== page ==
Perhaps the most alarming thing about Corwin's curriculum resources is that they are designed to indoctrinate, not educate. Specifically, instead of encouraging free discussion and open debate on the topics of race and violent protest, they persuade teachers to silence students who may disagree by discrediting any conversation that doesn't follow Corwin's identity politics–based agenda. For example, a lesson titled "But What About Antifa?" guides teachers to discredit or marginalize any counterpoints from students aimed to create a balance of information regarding the violence and social unrest that has plagued America since last June and beyond.
If students inquire about the murder, property destruction, and domestic terrorism being perpetrated by Antifa (which was officially designated as a domestic terror organization by the Department of Justice, by the way), or the more radical fringes of Black Lives Matter, teachers are encouraged to do a lesson on "whataboutism," explaining to students that all violence, murder, and property damage is not created equal. For example, when Antifa and Black Lives Matter rioters stormed and occupied the East Police Precinct in Seattle — taking over the entire neighborhood of Capitol Hill and holding residents and businesses hostage — that violence was different.
Four people were murdered within this so-called "autonomous zone," including a 19-year-old black American boy whose mother is now suing the City of Seattle, but this murder and violence doesn't rise to the level of so-called "white supremacy," and because it's been perpetrated by people with an agenda and political ideology favorable to Corwin, bringing up this violence is to be downplayed and labeled "whataboutism" by educators.
In July of 2016, when Black Lives Matter sympathizer Micah Xavier Johnson shot and killed five Dallas police officers during a BLM protest — publicly stating he wanted to kill white people and white officers — this is "whataboutism." When Antifa and the radical fringes of BLM destroyed federal courthouses, attacked the National Guard, and shot Las Vegas police officer Shay Mikalonis in the head last summer during a George Floyd protest — paralyzing him from the neck down and forcing him to live on a ventilator for the rest of his life — that is "whataboutism."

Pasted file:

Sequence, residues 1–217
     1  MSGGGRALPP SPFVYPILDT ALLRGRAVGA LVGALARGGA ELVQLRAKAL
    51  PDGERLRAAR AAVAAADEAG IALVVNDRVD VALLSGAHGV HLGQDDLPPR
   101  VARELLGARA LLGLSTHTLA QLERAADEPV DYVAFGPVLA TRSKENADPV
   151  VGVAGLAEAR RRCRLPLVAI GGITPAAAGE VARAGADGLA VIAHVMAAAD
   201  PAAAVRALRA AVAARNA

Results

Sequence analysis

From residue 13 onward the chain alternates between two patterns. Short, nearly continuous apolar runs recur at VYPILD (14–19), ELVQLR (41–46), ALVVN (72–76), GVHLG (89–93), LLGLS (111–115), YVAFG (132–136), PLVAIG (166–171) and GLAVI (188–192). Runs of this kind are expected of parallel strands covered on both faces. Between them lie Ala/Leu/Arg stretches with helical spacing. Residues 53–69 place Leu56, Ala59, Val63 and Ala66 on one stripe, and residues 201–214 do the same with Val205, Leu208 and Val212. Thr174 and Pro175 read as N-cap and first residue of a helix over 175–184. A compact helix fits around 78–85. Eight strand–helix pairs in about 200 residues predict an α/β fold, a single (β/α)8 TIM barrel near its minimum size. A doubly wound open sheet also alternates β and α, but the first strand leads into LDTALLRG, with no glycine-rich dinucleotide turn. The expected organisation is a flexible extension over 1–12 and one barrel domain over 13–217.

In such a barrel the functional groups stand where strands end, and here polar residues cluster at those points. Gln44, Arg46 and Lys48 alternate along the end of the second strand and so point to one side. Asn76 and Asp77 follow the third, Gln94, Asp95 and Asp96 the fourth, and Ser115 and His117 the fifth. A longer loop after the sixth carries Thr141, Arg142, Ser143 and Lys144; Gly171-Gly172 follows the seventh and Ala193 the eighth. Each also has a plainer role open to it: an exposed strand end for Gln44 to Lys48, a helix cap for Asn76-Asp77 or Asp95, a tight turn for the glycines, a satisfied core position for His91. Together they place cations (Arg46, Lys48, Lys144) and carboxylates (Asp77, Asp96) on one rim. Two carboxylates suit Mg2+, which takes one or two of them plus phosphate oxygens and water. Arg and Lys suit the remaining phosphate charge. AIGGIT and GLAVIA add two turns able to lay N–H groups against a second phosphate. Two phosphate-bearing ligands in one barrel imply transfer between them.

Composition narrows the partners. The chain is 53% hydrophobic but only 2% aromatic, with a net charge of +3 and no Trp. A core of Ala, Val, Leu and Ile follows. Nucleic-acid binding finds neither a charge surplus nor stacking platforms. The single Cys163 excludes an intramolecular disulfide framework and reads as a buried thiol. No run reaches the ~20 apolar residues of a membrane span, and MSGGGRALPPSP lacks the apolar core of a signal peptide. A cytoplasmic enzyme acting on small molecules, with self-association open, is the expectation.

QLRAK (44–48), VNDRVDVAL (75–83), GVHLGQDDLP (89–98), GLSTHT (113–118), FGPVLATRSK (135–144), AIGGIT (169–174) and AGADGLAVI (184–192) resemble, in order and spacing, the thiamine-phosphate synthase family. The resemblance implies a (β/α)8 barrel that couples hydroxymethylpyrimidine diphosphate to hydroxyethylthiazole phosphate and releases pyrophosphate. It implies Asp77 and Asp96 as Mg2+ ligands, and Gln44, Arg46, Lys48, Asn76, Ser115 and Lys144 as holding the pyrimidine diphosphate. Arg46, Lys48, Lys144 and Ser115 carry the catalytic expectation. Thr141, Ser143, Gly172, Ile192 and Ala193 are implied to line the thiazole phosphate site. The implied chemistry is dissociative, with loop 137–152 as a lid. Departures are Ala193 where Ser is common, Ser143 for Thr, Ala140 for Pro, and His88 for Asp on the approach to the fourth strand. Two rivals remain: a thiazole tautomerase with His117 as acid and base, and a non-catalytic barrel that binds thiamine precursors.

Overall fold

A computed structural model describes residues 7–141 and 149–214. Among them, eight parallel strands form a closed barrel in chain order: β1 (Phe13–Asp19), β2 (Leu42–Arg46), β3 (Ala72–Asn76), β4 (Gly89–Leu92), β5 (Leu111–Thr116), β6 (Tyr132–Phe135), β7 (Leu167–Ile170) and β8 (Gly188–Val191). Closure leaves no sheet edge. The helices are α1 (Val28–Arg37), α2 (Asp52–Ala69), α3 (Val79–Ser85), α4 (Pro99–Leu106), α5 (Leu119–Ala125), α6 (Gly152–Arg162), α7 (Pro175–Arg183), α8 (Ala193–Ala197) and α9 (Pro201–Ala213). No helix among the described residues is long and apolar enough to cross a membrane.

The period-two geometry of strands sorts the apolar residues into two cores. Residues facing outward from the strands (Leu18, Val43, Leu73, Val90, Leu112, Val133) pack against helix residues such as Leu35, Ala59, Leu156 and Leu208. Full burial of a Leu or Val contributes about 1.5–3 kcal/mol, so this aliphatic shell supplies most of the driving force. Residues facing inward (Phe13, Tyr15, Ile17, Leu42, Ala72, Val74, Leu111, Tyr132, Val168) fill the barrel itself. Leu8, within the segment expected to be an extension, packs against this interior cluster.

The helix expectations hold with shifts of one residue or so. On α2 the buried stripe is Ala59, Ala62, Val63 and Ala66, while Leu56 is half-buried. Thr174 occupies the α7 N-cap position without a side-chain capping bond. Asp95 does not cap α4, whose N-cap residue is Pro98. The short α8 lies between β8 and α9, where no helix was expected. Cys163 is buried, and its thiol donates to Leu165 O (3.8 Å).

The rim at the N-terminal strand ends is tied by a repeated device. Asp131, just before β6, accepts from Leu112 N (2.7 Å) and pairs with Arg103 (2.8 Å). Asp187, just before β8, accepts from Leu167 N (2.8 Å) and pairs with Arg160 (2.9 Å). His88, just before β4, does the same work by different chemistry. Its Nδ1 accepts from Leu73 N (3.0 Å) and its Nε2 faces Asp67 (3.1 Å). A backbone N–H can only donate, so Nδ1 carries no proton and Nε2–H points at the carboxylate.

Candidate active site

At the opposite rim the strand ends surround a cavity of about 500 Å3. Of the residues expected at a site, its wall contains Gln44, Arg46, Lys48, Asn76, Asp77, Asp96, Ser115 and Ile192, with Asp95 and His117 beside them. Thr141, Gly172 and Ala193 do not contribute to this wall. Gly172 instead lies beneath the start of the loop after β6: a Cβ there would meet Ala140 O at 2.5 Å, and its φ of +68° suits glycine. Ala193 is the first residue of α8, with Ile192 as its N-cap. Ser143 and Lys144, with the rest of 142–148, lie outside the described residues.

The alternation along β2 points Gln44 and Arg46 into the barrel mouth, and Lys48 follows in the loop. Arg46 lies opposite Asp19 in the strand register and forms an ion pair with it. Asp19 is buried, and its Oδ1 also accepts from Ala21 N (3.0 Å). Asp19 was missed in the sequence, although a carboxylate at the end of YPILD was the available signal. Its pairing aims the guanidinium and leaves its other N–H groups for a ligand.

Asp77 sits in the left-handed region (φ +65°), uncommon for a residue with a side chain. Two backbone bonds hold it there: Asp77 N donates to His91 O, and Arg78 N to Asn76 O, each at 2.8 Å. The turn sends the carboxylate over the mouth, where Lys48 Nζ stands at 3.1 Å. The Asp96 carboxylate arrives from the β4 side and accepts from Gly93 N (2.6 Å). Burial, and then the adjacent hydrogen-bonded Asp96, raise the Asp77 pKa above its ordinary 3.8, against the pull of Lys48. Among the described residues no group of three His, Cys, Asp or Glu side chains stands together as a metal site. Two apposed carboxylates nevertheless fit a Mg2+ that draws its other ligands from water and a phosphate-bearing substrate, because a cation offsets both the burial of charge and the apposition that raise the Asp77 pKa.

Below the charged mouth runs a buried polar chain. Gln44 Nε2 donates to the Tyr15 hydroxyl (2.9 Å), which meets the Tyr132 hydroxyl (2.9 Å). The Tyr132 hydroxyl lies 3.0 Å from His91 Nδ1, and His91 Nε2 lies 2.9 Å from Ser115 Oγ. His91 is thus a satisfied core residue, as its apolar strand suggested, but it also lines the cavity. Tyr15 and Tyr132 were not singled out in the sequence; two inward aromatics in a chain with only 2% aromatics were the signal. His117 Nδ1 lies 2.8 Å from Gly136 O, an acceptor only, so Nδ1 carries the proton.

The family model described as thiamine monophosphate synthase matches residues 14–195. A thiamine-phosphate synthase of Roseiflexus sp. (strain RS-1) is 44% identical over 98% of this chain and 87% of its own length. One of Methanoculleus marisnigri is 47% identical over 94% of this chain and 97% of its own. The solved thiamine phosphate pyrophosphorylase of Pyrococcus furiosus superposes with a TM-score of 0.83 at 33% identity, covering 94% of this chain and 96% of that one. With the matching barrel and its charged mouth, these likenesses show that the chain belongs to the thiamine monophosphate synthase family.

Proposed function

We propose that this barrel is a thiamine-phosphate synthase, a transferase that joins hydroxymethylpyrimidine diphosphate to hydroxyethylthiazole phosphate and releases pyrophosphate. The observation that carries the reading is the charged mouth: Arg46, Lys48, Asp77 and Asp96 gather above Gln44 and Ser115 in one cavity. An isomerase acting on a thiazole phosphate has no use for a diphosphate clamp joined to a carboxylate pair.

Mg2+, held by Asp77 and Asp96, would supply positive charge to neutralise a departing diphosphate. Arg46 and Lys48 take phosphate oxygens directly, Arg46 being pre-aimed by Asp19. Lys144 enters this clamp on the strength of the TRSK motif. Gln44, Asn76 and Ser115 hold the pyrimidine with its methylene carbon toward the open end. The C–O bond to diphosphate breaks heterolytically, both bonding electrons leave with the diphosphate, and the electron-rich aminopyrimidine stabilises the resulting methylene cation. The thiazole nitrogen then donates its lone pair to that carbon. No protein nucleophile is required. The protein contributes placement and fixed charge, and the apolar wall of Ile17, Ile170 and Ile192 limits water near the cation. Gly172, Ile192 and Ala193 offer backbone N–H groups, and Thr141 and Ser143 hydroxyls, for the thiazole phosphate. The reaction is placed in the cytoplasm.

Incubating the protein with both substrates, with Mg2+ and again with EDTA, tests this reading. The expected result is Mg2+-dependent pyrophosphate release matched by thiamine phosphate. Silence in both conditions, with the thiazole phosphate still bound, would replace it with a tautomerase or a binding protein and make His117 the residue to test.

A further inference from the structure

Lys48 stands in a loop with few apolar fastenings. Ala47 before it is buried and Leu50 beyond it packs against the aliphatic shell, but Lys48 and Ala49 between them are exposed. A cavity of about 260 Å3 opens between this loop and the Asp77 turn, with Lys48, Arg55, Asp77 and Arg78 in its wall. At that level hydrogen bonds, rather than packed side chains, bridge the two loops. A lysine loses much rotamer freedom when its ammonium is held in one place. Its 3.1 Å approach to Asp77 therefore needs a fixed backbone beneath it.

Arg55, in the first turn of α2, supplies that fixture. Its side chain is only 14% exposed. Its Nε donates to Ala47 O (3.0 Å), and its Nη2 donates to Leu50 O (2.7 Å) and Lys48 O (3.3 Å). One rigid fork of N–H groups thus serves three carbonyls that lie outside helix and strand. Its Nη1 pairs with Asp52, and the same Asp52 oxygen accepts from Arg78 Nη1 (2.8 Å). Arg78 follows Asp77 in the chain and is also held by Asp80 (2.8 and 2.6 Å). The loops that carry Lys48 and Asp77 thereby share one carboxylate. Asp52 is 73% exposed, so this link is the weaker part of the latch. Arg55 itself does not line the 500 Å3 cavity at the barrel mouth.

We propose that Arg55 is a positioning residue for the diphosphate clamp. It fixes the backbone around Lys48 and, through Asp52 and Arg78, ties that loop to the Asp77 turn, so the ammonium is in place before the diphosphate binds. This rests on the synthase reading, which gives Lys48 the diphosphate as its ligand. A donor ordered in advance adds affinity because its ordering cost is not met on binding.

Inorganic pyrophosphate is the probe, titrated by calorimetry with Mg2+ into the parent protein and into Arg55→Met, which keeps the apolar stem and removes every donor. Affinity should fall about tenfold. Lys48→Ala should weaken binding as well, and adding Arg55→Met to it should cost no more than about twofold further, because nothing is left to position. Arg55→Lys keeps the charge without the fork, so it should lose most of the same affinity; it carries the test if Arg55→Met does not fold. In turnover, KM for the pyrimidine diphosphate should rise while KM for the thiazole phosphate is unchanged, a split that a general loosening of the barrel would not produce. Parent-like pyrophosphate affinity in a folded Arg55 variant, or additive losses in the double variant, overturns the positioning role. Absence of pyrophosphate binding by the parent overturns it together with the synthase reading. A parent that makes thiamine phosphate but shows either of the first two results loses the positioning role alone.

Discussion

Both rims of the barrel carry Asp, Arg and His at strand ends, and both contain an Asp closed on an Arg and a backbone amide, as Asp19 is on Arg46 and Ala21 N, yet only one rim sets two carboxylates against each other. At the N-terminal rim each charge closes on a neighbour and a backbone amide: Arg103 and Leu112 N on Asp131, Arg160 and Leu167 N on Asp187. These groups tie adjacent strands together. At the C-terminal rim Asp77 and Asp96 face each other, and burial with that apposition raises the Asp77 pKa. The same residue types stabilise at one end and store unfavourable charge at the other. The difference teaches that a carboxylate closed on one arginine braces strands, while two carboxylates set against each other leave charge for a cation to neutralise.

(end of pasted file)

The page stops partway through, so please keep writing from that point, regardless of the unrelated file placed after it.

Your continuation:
When Antifa and the radical elements of Black Lives Matter destroyed tens of millions of dollars in property, including many small businesses that will never recover; when they looted neighborhoods and burned cars and buildings; when they terrorized citizens and business-owners who did not openly wave BLM flags; when they ripped America in half for six straight months — bringing up these events is "whataboutism."
According to Corwin's educational resources titled "Responding to Insurrection, Domestic Terrorism, and Threats to Democracy," violence is to be talked about and processed only if it fits the leftist teacher's political agenda. If it stereotypes white America, especially those with conservative values who do not believe in indoctrinating our children in identity politics, as "white supremacists" and "domestic terrorists," then you can call it out as "real" violence.
That's how identity politics and Critical Race Theory work. Divide good people up by race, religion, sex, and sexuality, and then polarize them against each other. And the ones who share you political agenda? Gloss over all of their egregious behavior and pretend it doesn't matter. And for those who demand equal treatment and colorblindness? Brand them all as white supremacists, and discredit their worldview as evidence of domestic terrorism.
"Responding to Insurrection, Domestic Terrorism, and Threats to Democracy" is an outrageous lesson in political indoctrination, and it has no place in any classroom in America that genuinely cares about democracy, freedom, or critical thinking.
Christopher Paslay is a Philadelphia public schoolteacher, counselor, and coach. His new book, Exploring White Fragility: Debating the Effects of Whiteness Studies on America's Schools is now available for purchase.